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painting step by step : advices, tips and tricks by a professional

"Study of Whites in watercolor"
Author: Cyrille_Jubert,

"Study of Whites: The Pack of Hounds"

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The dog in the middle was a problem for me because I could not paint just the head.. I had to paint the head and the body at the same time, wet on wet. I waited to do it that my confidence in me was strong enough. The front part of the body was full of light, and the side rather dark. So the light was painted very wet with my clearest "juice", and the shadows with the most concentrated paint on a just humid paper.


To paint the back paws, I add to my previous juice a new color, burnt umber. I used the exact formula as before, a light watery juice and a dense one. I dampened my paper on the back paws, but not too much, and waited until the paper started to dry on the darker parts. If I want to go darker and darker,
I can paint again on the same parts many times. It is possible if the precedent layer is perfectly dry. Wet the part to painted again, and a bit of the surrounding lighter areas before you add an additional glaze. If you are attentive, you will notice on the edge a rustle of pigments on the line of your wet edge. This is not a problem. You can use one of your large sharp-pointed paint brushes, a #3, dampen it in your limpid water glass, aspirate the brush so it will suck the paint up and just erase the line.

With this dark juice, I painted the mouths, using cobalt blue for the reflection on the lips. I strengthened the shade of the ears, and then drew a few details.
To give a laying to the subjects, I used ochre on the soil to stay in the same palette. The shadows are painted over the ochre layer, with the darker juice of the dog's paws. I painted a few details of the feet. It is always important to tie the dogs to the soil by their claws. You don't need to paint all the subject with the same realism. A few details could be enough.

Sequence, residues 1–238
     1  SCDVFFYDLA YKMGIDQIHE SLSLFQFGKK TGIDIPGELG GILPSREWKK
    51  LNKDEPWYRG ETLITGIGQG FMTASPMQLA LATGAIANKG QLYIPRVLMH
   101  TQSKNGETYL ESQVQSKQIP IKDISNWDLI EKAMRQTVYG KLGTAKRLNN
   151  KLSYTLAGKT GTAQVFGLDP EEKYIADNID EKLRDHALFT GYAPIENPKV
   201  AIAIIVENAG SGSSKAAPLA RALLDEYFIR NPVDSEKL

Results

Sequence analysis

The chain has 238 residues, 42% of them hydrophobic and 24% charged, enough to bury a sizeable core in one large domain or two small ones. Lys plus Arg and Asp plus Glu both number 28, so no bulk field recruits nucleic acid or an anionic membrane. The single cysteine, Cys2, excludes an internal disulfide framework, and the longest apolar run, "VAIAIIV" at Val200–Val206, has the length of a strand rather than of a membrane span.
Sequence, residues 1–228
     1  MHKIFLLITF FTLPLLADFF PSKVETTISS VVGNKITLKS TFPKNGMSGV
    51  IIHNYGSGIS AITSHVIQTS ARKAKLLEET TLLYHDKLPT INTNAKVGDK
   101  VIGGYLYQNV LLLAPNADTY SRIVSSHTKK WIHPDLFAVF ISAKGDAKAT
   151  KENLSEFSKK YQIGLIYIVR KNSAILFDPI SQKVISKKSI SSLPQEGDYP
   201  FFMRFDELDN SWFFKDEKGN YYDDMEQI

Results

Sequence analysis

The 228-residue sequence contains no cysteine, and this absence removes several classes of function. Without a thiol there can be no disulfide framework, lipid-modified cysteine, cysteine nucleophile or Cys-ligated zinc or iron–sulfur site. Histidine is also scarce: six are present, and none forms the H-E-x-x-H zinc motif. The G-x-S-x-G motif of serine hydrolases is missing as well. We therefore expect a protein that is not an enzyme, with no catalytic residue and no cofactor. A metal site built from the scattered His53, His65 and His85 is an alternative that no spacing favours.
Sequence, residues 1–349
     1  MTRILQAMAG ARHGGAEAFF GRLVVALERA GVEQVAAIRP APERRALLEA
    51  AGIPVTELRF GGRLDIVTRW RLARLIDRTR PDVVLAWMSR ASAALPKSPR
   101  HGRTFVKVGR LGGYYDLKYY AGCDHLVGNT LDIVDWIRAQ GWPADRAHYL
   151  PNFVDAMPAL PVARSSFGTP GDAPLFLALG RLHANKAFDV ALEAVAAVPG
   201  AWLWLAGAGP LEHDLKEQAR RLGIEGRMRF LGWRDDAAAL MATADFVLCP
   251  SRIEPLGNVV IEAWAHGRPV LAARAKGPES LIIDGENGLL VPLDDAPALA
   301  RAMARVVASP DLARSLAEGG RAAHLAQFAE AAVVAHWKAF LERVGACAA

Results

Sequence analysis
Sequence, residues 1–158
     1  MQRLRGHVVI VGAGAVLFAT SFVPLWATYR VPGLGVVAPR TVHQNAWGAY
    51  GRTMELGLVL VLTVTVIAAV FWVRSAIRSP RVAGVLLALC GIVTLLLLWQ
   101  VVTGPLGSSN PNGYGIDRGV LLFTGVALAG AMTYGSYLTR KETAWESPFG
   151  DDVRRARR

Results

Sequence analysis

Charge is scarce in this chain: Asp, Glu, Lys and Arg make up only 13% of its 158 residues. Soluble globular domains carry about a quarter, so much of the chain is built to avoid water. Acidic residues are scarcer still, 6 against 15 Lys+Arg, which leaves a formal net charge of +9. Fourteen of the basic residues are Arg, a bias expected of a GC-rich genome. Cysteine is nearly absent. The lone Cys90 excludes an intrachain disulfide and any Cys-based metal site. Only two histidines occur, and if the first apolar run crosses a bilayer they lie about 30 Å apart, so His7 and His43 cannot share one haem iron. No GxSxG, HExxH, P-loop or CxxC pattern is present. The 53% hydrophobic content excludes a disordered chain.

When you have painted details dry on dry, if you move backwards to have a general look on your picture, these details will often be too sharp, too evident. To avoid this, when all the details are painted and very dry, you can take a very large paintbrush, size 5, and delicately add water on the surface. It will give the light necessary blur to tighten the whole subject.
My purpose here was not to be hyper-realistic. I wanted to be true but sober, mainly decorative. So I did not paint the shadows of the furs in details. The soil is sober too, just indicating the sense of the light.
I used golden ink for the background. This golden background, for me, moves the dogs away from the realm of the hunting universe and brings them into pure painting research. It could be viewed as an "Art-deco" or Japanese style.
This gold ink is not so easy to use. I damped my paper to lay the gold, but waited until my paper was nearly dry to paint. I was very carefull to have horizontal lines with my paint-brush, using very little water in my brush. If you have too much water, the golden pigments float and fall on the external side of the drops, making golden lines outside and empty brush-strokes in between. This took me a lot of practice to get the technique down.
When my grandmother was a young girl around 1910, she heard one of her mother's maids, standing in ecstasy in front of a photo of Nicolas II, saying : " Oh Madame, the beard is really the frame of a man's face " The truth of that time is not today's truth, don't you think?

I just wanted to introduce the subject of framing. Most of the artists don't make an effort with framing. Many feel that a minimalist frame will not divert from the painting itself. If this was true, women would never buy a dress and never go to the hair-dresser. Think about that! Before my very first exhibition, I worked a lot on each painting, searching for the best color of mat to surround the paintings. I also looked for filets and coloured wooden frames. At the end, it was terrible to mix them on the same wall.
On the varnishing day, my god-father, who was the chief inspector of historical monuments in France, gave me an advice: "Frame your painting so your customer will think your picture had always been in their grandfather's house" (He meant castle... don't forget we have a lot of them in France ). After a while, I followed his advice.
Nowaday, my frames are more sober in color, but (I hope) elegant. For important paintings, I choose "white glass", the glass that do not show reflections. It is 10 times the price of regular glass, but I don't mind if it is expensive. I want the best for the happy few that honor me by being my clients. I framed these dogs with a large indigo-grey (10cm wide ) paper-frame with a golden bevel-edge. I painted a double golden filet, large & thin around doing frogged loops in each corner (I am crazy about brandeburgs !) and a large black wooden frame.

I exhibited this painting in the famous "Salon d'Automne" in Paris. For their century anniversary, they edited a very big catalog with all the main painters of the last century : Monet, Renoir, Van Gogh, ... and Cyrille Jubert,... you know what I mean
Looking at the two last photos, you can see how this golden background plays with the light. The picture has it's own life. Imagine it with flames crackling in the fireplace.
I hope you enjoyed this work in progress.

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